Greater sage-grouse (Centrocercus urophasianus) habitat in southeastern Alberta is limited by the distribution of silver sagebrush (Artemisia cana Pursh). We conducted a landscape assessment of silver sagebrush throughout the current range of sage-grouse in southeastern Alberta. Black-and-white aerial photography acquired in the fall of 2001 was used to map silver sagebrush. Contact print stereo pairs were interpreted using a stereoscope and initially classified into 1 of 13 site classes based on soil type and landscape feature (e.g., recent agriculture). Each site polygon was further broken down into smaller polygons based on the percentage of silver sagebrush occupancy, density distribution, and height. A total of 4 626 site polygons were identified and classed into 1 of 13 site classes. To ensure all assumptions of statistical tests were met, the data set was reduced to 9 site classes. The mean percentage of silver sagebrush occupancy was significantly different between the 9 site classes (F = 285.00, df = 8, P < 0.001). The lotic site class had the highest mean percentage of occupancy, followed by overflow and old cultivated site classes. The frequencies of density distribution were not equal for all site classes (Pearson's chi-square = 5 727.09, df = 72, P < 0.001). Lotic had greater than expected occurrences in distribution classes 8 through 12 whereas overflow had greater than expected occurrences in distribution classes 8 and 10. The frequencies of height class were not equal for all site classes (Pearson's chi-square = 4 382.15, df = 24, P < 0.001). Lotic and overflow sites had greater than expected occurrences in the mixed and tall height classes, whereas blowouts, loamy and saline lowlands had greater occurrences in the small height class. Understanding the occupancy, density distribution, and height of silver sagebrush across the landscape will assist in understanding the resource selection patterns and management of sage-grouse in Alberta, Canada.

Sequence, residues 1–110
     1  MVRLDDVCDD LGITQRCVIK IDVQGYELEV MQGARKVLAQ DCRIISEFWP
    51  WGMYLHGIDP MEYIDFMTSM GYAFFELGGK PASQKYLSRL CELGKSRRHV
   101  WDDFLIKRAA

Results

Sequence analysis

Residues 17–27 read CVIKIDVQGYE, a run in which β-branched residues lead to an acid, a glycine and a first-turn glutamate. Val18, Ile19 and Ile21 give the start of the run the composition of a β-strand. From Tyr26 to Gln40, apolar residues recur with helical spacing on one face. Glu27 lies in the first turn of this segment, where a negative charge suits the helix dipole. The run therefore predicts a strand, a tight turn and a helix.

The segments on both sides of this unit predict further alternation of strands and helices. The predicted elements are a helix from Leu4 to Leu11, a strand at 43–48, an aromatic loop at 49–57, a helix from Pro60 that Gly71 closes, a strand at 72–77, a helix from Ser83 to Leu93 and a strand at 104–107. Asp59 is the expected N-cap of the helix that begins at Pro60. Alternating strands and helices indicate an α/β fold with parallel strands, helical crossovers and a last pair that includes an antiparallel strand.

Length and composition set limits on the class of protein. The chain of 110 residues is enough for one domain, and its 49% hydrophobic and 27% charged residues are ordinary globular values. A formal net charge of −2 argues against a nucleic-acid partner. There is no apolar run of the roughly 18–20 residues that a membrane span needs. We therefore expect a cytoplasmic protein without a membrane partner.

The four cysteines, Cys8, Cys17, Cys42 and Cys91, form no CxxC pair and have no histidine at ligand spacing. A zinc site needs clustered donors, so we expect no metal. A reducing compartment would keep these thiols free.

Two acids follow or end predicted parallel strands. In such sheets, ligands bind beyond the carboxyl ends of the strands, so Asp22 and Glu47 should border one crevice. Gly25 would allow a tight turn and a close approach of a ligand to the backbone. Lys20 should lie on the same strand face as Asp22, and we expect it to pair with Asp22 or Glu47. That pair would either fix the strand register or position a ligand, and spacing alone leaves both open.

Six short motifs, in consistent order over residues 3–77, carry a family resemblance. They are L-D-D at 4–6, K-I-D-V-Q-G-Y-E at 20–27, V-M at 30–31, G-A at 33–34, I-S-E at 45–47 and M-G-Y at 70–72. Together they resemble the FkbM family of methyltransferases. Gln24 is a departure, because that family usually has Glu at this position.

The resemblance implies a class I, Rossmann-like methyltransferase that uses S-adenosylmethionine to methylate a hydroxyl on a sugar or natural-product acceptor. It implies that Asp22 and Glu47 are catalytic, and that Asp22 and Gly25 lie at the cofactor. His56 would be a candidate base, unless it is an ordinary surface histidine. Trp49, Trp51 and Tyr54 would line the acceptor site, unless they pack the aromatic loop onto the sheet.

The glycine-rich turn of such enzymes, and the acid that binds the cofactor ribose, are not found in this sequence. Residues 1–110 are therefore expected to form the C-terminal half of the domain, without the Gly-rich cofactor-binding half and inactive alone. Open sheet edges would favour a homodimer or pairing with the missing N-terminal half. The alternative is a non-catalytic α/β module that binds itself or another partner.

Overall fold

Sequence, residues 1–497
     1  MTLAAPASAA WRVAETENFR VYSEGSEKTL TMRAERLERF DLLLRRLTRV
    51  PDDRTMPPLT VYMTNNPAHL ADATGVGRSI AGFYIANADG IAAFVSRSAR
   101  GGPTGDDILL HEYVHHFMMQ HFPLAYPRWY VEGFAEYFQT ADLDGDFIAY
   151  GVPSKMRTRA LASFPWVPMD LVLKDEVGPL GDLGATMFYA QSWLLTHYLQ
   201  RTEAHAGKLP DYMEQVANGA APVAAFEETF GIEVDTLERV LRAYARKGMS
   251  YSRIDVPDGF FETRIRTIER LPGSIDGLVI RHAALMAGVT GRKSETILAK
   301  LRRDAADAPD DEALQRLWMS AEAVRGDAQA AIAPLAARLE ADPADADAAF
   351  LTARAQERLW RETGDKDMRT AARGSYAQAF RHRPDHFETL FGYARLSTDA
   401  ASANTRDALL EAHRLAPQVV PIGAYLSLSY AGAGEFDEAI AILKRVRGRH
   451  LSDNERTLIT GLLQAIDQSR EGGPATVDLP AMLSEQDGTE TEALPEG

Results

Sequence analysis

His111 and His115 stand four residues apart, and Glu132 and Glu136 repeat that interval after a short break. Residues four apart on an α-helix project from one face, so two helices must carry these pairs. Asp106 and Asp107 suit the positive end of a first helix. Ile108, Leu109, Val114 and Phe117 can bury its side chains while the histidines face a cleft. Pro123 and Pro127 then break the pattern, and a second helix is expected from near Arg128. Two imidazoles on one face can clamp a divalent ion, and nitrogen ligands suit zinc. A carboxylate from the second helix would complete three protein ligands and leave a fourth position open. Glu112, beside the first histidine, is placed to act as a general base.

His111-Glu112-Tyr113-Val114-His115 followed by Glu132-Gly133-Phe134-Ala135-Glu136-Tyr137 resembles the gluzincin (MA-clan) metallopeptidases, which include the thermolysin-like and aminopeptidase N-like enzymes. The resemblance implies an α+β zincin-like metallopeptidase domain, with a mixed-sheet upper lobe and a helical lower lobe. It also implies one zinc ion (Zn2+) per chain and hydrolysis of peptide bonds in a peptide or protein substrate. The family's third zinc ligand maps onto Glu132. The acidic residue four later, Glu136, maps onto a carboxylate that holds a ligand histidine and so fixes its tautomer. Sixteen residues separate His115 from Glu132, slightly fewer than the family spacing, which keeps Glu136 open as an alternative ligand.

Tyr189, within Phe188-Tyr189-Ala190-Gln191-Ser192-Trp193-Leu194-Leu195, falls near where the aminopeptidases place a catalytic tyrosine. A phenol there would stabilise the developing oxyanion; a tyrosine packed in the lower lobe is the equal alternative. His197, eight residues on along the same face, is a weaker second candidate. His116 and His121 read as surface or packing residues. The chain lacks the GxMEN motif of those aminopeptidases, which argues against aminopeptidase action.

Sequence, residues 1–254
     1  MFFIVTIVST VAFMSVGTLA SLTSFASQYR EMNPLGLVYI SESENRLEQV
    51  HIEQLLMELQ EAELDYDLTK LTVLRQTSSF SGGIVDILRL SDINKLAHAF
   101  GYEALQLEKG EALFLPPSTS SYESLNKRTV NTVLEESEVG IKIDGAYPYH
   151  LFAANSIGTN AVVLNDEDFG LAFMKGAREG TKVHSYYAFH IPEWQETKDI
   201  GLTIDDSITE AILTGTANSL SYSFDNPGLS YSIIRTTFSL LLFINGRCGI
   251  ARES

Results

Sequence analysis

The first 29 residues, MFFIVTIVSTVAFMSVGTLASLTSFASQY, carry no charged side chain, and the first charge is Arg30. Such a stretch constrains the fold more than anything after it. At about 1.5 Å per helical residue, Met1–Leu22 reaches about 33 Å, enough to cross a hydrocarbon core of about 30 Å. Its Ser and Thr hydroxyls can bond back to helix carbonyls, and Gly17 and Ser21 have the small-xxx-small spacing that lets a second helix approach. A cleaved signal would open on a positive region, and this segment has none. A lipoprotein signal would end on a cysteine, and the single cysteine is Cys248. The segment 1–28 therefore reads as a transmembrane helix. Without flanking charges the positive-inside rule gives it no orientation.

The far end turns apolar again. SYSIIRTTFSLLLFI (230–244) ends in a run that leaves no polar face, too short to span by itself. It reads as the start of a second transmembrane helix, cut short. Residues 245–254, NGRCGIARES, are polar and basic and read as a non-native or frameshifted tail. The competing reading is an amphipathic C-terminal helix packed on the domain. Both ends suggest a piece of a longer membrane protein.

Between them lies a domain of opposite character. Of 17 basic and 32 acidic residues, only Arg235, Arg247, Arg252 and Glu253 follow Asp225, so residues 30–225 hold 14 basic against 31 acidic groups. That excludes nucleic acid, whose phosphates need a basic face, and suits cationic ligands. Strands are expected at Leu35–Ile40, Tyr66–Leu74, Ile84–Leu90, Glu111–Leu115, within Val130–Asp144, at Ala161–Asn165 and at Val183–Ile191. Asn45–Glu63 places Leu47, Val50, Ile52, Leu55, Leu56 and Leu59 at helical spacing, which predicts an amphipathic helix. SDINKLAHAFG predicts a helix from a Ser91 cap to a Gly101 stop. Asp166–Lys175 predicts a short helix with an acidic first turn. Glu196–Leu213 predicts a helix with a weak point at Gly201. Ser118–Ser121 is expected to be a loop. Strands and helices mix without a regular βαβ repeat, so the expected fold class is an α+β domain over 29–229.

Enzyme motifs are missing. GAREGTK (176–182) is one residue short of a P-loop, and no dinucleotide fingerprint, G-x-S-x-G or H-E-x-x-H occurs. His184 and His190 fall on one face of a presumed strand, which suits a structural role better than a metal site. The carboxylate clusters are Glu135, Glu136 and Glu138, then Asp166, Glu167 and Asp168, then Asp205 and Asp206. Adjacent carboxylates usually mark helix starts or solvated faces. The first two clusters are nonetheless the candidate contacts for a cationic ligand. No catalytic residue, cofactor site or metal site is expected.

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Vol. 58 • No. 4